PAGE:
Setting and Achieving Health Goals

Taking Steps To Get Better At Getting Better



Improving health is part of the prescription for anyone with cardiac issues. Achieving goals for better health leads to a longer, better quality of life. This is the case whether someone is trying to reduce high blood pressure, manage a potentially debilitating condition such as heart failure, peripheral artery disease, or a number of other chronic conditions.

It’s hard to imagine that there are many people who haven’t heard that a healthy diet, regular physical activity and not smoking are cornerstones for a healthier lifestyle. Yet, in a worldwide survey of 7,519 patients with known cardiovascular disease, less than 1 in 20 demonstrated all three healthy lifestyle habits. These findings are not new — this failure has been going on for decades. Breaking old habits is hard. Building new habits takes time. It takes conscious, persistent effort to achieve both.

To help sort out how we can get better at getting better, we got expert advice from cardiovascular physiologist Barry Franklin, Ph.D., director of the Preventive Cardiology/Cardiac Rehabilitation Program, William Beaumont Hospital, Royal Oak, Michigan, and professor of internal medicine, Oakland University William Beaumont School of Medicine.

In addition to his academic expertise and years of practice in this field, Franklin has a passion for this subject that was crystal clear in our interview.

Heart Insight (HI): If patients are so bad at meeting their goals, why set health goals at all?

Dr. Barry Franklin

Dr. Barry Franklin

Dr. Barry Franklin (BF): There are two reasons: First, there’s increasing evidence in the scientific literature, that you become what you think about. This is considered one of the single most important strategies for success. Second, successful people visualize their goals, write them down, and think about them regularly. I often tell patients, “The 10 most powerful two-letter words in the English language are ‘If it is to be, it is up to me.’” In other words: Take responsibility. You, the person you see in the mirror every day, have the single greatest influence on your destiny relative to health. It’s not your doctor who you see once or twice a year for 10 minutes. It’s the decisions you make on a day-to-day basis, predominantly your behavioral choices. So, for lifestyle modification to work, the patient needs to know where they’re at and what direction they need to go — that’s the point of setting goals.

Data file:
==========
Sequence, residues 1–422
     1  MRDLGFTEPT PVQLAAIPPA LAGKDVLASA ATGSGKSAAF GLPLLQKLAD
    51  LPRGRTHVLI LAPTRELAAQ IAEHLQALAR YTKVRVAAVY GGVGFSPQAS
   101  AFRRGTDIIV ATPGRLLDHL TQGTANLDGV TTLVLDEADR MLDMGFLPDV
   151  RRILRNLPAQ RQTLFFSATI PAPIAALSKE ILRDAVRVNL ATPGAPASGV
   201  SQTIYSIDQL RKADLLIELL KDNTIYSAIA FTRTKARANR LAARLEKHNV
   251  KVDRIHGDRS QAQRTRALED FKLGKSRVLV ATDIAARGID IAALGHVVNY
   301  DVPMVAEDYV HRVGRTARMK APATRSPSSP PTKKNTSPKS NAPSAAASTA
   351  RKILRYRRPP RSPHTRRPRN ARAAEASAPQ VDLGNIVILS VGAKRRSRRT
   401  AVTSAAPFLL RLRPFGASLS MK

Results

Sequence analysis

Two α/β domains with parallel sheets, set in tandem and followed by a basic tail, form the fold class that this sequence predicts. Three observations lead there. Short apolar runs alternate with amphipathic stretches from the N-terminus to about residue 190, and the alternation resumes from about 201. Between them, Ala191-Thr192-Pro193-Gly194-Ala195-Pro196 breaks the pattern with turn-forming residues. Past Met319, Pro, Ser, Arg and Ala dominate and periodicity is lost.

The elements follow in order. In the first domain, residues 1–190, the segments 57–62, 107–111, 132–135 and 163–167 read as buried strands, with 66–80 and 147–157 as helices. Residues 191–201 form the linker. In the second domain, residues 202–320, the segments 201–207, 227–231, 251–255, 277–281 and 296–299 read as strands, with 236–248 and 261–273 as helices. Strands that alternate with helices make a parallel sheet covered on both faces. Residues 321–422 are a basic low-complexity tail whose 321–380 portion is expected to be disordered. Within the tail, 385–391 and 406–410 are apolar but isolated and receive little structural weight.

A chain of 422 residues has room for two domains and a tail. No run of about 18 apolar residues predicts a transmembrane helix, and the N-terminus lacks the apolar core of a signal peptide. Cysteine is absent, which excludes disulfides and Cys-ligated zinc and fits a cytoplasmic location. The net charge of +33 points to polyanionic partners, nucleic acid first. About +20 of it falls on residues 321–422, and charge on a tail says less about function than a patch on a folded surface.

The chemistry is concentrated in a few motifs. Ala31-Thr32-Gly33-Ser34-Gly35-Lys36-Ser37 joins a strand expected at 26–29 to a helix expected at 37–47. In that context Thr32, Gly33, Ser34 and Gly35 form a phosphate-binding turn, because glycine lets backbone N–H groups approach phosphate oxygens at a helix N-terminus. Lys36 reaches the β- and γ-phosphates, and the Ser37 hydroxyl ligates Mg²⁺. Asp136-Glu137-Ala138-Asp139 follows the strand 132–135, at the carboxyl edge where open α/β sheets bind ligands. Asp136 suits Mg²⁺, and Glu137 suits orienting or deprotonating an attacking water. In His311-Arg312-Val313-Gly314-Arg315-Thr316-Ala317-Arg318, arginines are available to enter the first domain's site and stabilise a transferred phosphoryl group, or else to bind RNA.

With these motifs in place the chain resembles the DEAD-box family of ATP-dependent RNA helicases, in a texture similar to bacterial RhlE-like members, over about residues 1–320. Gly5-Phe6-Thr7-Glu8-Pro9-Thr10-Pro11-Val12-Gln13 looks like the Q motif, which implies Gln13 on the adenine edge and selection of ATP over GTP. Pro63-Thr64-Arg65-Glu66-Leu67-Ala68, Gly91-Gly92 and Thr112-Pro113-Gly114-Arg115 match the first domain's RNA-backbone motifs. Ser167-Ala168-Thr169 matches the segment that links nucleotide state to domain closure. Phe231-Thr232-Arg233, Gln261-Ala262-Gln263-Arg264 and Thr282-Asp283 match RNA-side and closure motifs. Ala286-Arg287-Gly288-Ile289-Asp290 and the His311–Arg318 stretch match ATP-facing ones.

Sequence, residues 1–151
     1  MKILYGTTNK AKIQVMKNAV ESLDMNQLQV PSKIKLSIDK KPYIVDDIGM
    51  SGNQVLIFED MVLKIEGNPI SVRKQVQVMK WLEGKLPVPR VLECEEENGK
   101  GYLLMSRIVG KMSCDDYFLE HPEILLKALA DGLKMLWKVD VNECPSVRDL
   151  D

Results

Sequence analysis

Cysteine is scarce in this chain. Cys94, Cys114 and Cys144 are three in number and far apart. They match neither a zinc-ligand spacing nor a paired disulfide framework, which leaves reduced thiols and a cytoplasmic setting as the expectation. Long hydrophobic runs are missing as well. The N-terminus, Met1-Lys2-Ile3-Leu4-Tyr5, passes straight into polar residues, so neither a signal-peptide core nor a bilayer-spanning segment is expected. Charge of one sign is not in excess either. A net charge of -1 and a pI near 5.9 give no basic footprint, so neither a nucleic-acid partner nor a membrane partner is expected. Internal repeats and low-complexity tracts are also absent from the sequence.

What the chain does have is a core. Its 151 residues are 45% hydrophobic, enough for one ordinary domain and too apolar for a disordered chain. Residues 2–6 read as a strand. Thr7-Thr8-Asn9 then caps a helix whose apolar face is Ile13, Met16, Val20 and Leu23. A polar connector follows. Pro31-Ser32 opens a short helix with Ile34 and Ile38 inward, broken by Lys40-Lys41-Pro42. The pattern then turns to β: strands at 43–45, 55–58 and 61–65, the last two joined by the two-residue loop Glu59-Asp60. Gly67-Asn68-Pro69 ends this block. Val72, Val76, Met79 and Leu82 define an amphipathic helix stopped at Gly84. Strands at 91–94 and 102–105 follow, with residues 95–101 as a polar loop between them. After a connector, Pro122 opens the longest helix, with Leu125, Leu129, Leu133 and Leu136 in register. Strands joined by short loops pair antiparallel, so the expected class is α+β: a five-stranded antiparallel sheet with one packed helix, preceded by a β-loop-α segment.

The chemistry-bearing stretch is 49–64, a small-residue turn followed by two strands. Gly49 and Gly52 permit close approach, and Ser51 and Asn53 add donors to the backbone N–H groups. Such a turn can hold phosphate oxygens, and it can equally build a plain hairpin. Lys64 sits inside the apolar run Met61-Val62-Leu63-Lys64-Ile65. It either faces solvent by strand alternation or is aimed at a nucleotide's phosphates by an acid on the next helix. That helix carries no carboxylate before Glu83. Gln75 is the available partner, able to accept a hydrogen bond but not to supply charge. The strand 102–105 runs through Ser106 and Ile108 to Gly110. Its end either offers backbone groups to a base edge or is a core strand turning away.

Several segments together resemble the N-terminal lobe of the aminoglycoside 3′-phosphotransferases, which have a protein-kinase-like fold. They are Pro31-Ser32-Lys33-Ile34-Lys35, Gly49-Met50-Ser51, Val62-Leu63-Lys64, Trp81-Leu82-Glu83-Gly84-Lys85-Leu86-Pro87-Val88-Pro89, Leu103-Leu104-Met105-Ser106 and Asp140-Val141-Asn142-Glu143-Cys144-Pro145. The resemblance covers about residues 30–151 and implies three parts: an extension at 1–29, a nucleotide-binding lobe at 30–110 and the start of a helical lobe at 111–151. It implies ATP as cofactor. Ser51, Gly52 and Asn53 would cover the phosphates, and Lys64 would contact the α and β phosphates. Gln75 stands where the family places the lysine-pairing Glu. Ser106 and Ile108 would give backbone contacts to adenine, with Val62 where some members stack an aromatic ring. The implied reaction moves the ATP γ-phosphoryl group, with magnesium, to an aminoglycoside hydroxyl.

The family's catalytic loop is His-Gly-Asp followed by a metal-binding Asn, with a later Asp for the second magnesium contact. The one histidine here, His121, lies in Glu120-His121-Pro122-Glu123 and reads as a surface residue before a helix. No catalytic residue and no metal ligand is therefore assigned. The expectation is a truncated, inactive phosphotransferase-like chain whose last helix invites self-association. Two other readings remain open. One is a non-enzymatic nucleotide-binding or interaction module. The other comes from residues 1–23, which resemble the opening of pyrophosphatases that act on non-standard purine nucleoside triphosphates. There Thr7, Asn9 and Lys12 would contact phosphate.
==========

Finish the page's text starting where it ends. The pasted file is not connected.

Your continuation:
HI: Why are ‘realistic goals’ important? Why not set big goals? What’s the benefit of realistic goals?

BF: In a word, motivation. Realistic goals are likely to produce action, and it’s well known in the field of personal achievement that the universe rewards action. It pays to act.

Here’s an example: I recently saw a patient who weighed 300 pounds, whose body mass index was 46. According to the tables, this individual would have to weigh about 160 pounds to achieve a “normal” BMI of approximately 25. It would be extremely discouraging to tell a 300-pounder he’s about double the weight he should be. Instead I asked him, “What do you think would be an achievable short-term weight goal for you?” Anything he tells me under 300, I agree with him. In other words, I want to get him moving in the right direction.

Another example, a patient says to me, “Doc, should I do 30, 60 or 90 minutes of exercise a day? I’ve read that all three amounts are appropriate.” “What are you doing now?” I ask. If they say, “Nothing, that’s why I’m asking you the question,” I’ll say, “Give me 10 minutes a day, three times a week over the next two or three months. Can you do that?” Invariably, they’ll say, “Yeah, I can do that, but it’s not what I should be doing.” But my goal is not for them to instantaneously meet the guidelines but to get them moving. Frequently, they’ll come back at the end of three months and say, “I started with 10, then I went to 12, then 14. Now, I’m doing 40 minutes, five days a week.”

Inertia is a major barrier to making permanent lifestyle changes. It’s also one of the easiest things to overcome. All that’s necessary is for the patient to act. And the easier it is for the patient to act, the easier it will be for him/her to overcome inertia. Overcoming inertia with downscaled, realistic goals is a key priority.

My feeling as a clinician is that attempting to initially achieve the guideline recommendations are often unrealistic and discouraging to patients.

HI: What are the steps to setting realistic goals?

BF: Number 1, do your homework: Surround yourself with highly skilled, caring and compassionate physicians or other allied health professionals.

Second, if you’ve had a cardiac event, bypass or valvular surgery or angioplasty, enroll in a cardiac rehab program.

Number three, develop a plan of your goals and a timeline for hitting them and constantly review the written plan.